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Soil Association organic chickens truly range free

PUBLISHED: 09:17 10 January 2008 | UPDATED: 08:18 28 March 2014

January 10: The Soil Association has applauded the campaigning efforts of celebrity chefs Hugh Fearnley-Whittingstall and Jamie Oliver to improve the welfare standards of chicken production.

The Soil Association has applauded the campaigning efforts of celebrity chefs Hugh Fearnley-Whittingstall and Jamie Oliver to improve the welfare standards of chicken production. A general shift towards more ‘free range’ production would certainly be a positive step forward. But one still some way behind the Soil Association’s organic poultry systems, which ensure truly free range birds and offer the highest standards of animal welfare as acknowledged by respected animal welfare groups such as Compassion in World Farming.

Intensively farmed chickens reared for meat can be housed in flocks 30 – 40,000 strong. Even the RSPCA’s Freedom Food standards allow 16,000 egg-laying birds per house, and there is no limit on flock size for free-range meat birds. In contrast, Soil Association organic standards recommend flock sizes of 500 - with absolute maximum flock sizes of 1,000 for meat birds and 2,000 for egg birds allowed only with special permission and additional management measures in place.

All animals on Soil Association organic farms must have access to outdoor ranges and pasture, with an emphasis on enabling the animals to express their natural behaviour. Unlike intensively-reared birds, organic chickens can't be given routine doses of antibiotics which weaken the animal’s natural immune system so increasing reliance on drugs, as well as being linked to creating antibiotic resistant ‘superbugs’ with serious human health implications. The minimum age organic chickens can go to slaughter is 81 days, compared to 56 days for free-range birds, and around 42 days for intensively reared chickens.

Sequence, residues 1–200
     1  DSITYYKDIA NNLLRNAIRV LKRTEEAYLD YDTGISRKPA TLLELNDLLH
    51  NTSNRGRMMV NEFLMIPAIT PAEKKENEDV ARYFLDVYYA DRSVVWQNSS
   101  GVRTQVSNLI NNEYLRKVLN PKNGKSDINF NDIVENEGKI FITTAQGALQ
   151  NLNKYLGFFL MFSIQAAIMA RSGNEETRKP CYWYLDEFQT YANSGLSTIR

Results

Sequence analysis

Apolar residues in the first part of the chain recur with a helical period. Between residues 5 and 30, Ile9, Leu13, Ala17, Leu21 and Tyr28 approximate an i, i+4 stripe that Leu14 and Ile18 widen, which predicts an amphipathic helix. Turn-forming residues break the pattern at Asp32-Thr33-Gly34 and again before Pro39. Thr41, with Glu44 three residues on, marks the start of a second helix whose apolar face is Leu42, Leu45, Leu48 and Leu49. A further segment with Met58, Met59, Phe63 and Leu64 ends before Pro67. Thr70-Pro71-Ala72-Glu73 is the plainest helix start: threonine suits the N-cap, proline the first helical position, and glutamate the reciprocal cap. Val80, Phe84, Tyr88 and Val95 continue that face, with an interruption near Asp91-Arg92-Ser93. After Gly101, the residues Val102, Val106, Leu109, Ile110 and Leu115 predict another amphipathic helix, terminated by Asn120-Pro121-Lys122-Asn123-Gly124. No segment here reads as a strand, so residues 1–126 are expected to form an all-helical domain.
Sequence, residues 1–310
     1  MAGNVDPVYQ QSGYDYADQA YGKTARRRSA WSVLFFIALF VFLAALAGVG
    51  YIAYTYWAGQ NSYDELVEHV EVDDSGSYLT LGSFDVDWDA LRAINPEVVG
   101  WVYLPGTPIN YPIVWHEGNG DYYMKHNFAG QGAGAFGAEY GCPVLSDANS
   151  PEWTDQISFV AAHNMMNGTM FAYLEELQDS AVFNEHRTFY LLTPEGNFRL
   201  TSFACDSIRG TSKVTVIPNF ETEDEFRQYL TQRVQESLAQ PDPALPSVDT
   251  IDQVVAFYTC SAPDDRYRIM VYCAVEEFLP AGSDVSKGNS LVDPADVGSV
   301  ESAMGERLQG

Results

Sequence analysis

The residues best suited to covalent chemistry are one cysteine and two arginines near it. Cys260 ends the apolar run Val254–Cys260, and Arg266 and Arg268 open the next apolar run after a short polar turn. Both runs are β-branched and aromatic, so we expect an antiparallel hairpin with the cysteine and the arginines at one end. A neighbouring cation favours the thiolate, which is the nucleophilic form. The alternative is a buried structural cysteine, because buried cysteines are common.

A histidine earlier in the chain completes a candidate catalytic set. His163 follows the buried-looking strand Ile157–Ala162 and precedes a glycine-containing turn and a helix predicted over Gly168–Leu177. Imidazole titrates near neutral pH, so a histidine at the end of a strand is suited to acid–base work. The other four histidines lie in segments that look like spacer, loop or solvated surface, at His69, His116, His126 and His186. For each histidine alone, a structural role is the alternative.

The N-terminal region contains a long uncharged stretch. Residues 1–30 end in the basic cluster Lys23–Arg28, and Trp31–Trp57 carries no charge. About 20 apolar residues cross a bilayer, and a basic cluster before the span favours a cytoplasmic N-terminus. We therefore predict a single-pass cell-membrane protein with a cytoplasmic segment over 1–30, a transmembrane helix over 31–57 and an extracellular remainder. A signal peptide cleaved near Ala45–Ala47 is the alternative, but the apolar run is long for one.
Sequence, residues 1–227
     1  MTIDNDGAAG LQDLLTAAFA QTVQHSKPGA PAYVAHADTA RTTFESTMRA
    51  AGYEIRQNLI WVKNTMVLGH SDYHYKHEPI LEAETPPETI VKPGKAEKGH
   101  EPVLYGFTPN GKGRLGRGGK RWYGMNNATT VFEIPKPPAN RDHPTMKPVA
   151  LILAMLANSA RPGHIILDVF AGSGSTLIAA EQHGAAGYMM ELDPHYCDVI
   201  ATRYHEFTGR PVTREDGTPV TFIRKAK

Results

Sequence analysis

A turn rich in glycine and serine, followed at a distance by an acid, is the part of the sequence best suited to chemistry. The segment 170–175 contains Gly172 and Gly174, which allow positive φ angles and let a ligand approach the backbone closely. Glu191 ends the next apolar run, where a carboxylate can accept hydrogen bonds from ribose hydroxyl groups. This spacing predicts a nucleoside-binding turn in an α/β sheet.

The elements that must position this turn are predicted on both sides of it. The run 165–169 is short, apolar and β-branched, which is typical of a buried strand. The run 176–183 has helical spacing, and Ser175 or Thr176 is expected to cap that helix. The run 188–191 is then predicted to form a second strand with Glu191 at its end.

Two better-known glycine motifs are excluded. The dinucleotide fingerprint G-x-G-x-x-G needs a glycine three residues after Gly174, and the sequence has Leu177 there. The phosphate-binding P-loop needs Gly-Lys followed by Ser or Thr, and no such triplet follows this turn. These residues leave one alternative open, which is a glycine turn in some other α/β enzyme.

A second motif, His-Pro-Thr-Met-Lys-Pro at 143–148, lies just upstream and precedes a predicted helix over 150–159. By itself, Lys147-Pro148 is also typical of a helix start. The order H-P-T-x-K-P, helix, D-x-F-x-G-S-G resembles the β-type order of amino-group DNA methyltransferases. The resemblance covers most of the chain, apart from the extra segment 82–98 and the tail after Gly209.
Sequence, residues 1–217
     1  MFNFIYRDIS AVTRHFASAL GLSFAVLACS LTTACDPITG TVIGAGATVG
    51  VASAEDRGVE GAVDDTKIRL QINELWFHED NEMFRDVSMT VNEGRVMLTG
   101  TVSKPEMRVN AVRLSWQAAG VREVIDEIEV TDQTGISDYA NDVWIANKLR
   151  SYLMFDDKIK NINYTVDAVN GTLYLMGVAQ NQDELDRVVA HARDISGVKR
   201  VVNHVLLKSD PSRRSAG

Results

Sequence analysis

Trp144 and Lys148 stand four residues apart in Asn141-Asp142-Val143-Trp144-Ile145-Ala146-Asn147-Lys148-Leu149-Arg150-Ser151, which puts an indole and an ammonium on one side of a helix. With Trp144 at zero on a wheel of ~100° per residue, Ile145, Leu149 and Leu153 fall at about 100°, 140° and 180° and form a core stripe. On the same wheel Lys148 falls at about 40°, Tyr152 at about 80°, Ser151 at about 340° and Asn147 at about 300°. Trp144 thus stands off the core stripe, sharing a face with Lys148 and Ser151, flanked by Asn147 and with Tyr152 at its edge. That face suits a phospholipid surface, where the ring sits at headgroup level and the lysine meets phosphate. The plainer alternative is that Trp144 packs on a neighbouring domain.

Because of these more stringent welfare standards, the lower stocking densities and the near double life-times of organic chickens, it costs organic farmers more to raise them and this higher cost is reflected in prices paid by consumers.

Robin Maynard, Soil Association Campaigns Director, said:
“The industrial poultry lobby complain that the programmes don’t give viewers ‘a balanced argument’, yet no intensive producer appeared willing to allow the cameras into their units. Farmers should operate as if they had a webcam perched on their shoulder beaming everything they do on their farms into the nation’s sitting rooms. All types of farming have aspects that some people might be concerned about, yet better there be transparency and public debate than secrecy. When some farmers are ashamed to show what’s going on at their farms then that system clearly needs changing.”

'Free-range' production is a significant improvement on intensive, indoor systems but the reality of large-scale 'free-range' production can be very different to the image portrayed or that expected by consumers: A 2006 study concluded that ‘many of the birds in free-range poultry production systems do not leave the house’. Other studies have shown that the number of non-organic 'free-range' birds venturing outside can be as low as 12-15% of the flock at any one time.

Apologists for intensive poultry production responding to the Channel 4 programme have claimed that, “The UK and the EU lead the world in animal welfare” and that “British poultry farming is a highly regulated sector”. The reality of intensive poultry standards – as demonstrated by Hugh Fearnley-Whittingstall and Jamie Oliver – suggests otherwise.

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